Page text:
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Beware of Typhoons--and 'Tycoon' ceos. (Business Briefs).

Typhoons, as meteorologists know, are highly dangerous. And so, says Oliver Wyman & Co., are tycoons.

The New York-based consulting firm has created a "Tycoon Index" to measure what it says may be a propensity for a company to suffer from the excesses of a high-profile CEO who was largely responsible for building the firm.

"Each of the big recent failures was run by a CEO who presided over more than 86 percent of the revenue growth at 'his' company," Wyman wrote in a recent analysis.

Moreover, Wyman says, almost half of the companies with a very high Tycoon Index have defaulted.

Essentially, the company argues, tycoons do exceptionally well in boom times, building an empire "financed by willing banks, bondholders and shareholders that buy into the story." But when markets turn bearish, "it is these very same companies that disproportionately implode." As overvalued assets are exposed, deal-maker CEOs are unable to manage through a trough in profitability and liquidity, and too many CEOs cling to the empires they have built and refuse to make the hard decisions.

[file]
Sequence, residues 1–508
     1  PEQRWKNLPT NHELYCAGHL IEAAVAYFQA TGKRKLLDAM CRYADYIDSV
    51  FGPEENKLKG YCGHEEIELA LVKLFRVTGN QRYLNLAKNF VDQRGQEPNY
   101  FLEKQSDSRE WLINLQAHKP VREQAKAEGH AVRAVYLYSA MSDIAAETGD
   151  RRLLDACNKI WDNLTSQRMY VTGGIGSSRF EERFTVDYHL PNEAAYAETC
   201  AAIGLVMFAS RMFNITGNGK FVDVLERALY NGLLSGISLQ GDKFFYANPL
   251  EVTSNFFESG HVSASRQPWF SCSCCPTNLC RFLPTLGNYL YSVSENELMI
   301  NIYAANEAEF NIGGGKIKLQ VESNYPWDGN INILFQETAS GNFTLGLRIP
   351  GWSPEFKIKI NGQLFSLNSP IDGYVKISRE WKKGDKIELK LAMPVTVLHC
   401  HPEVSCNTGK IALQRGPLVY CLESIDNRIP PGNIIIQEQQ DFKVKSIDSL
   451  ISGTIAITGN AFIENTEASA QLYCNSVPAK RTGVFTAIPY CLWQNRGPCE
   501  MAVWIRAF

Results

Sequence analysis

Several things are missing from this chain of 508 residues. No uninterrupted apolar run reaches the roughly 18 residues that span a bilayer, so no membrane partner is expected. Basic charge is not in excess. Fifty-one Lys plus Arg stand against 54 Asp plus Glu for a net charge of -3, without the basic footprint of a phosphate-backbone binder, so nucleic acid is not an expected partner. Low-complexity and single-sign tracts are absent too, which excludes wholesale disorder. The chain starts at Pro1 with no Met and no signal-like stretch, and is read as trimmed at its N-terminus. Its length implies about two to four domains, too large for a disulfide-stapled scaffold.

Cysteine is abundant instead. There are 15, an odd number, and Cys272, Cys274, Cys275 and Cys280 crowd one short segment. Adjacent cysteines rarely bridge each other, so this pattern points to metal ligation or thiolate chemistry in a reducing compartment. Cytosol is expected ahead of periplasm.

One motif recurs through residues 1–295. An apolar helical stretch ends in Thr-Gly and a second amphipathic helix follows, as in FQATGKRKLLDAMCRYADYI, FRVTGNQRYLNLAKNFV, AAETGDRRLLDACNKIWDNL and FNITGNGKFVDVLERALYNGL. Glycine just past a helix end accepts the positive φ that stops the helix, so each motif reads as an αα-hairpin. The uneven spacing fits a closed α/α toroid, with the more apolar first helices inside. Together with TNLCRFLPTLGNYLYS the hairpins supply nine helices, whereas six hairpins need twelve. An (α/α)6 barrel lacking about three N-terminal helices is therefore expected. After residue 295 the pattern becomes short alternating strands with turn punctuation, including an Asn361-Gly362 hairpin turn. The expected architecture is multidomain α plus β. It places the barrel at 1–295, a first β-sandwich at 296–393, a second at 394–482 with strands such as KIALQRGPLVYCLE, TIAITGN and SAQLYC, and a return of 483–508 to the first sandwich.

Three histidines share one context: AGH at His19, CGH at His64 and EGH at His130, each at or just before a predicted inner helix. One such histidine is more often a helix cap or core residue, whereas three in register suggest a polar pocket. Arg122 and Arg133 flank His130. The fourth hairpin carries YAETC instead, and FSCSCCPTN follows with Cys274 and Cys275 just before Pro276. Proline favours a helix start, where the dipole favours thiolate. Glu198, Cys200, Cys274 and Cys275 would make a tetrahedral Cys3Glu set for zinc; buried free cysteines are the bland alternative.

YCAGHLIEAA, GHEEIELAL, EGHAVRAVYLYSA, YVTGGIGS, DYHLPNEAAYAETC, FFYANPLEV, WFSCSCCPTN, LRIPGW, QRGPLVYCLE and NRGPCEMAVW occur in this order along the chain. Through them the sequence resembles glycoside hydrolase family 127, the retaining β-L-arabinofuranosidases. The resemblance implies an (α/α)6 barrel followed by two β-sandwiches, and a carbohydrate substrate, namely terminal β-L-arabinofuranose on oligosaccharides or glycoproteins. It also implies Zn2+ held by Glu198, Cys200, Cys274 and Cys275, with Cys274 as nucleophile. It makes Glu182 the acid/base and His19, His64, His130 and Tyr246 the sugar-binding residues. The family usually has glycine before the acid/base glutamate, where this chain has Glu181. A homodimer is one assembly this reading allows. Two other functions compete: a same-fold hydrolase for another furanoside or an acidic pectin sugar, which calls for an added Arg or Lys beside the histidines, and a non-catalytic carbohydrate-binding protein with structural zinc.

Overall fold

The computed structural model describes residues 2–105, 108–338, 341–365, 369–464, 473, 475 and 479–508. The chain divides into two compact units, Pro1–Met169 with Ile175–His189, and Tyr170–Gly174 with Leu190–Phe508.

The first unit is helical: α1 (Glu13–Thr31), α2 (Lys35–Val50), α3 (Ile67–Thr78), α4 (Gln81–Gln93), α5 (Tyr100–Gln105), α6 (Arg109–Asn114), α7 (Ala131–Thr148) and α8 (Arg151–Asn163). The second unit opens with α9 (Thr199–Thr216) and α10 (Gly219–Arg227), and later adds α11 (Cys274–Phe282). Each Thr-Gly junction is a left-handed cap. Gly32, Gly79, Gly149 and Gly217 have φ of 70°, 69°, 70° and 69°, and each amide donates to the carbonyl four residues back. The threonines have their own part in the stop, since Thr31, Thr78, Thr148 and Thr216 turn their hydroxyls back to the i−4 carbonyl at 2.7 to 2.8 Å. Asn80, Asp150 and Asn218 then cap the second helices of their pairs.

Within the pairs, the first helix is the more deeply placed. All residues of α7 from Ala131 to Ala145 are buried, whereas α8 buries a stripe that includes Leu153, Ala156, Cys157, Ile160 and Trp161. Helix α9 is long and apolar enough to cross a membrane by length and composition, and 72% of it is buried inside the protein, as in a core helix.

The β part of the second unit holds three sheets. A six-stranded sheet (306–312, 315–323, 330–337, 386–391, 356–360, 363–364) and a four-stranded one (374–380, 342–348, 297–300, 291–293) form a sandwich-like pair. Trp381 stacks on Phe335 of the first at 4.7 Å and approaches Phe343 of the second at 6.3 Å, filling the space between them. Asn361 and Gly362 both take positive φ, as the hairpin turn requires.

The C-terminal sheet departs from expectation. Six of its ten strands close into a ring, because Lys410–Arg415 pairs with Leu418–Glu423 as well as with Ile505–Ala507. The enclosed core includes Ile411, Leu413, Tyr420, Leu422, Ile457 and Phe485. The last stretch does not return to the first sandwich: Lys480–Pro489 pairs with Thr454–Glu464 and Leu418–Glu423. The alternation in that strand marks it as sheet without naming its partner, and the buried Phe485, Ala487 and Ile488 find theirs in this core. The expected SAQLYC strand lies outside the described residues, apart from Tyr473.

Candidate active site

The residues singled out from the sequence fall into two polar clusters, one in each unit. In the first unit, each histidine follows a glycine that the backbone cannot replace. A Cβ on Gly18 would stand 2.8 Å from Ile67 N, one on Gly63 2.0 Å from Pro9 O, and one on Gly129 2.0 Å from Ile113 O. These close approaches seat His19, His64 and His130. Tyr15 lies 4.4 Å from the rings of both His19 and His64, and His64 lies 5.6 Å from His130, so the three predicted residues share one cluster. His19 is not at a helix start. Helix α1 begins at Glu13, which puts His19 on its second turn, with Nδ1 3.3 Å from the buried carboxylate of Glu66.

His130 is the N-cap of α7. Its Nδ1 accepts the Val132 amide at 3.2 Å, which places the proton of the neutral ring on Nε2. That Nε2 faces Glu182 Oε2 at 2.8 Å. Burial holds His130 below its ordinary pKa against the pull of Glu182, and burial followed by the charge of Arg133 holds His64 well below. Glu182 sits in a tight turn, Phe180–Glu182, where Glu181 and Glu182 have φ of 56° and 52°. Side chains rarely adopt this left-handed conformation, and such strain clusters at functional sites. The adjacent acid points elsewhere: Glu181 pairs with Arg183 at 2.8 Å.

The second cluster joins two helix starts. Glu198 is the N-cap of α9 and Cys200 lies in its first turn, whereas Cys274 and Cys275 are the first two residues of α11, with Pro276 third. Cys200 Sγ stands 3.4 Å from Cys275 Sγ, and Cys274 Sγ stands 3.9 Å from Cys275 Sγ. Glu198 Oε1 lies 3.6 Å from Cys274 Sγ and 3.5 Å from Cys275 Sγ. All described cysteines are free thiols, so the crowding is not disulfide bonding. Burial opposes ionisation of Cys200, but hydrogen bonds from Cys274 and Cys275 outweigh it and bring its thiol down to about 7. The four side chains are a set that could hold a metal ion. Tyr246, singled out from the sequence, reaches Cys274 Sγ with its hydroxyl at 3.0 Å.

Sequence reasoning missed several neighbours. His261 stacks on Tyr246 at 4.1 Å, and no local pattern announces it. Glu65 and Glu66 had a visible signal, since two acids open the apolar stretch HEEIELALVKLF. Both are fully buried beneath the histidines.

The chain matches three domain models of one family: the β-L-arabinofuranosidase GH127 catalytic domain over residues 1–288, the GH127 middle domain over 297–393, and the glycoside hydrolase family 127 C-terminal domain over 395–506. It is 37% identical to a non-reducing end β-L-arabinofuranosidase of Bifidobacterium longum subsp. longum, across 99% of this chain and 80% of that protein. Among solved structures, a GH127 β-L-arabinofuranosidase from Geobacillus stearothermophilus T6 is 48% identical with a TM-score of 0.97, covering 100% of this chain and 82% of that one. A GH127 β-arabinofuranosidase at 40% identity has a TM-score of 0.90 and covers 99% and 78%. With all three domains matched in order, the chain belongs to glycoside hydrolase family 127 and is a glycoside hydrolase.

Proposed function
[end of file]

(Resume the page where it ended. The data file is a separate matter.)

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Publication:Financial Executive
Article Type:Brief Article
Date:Dec 1, 2002
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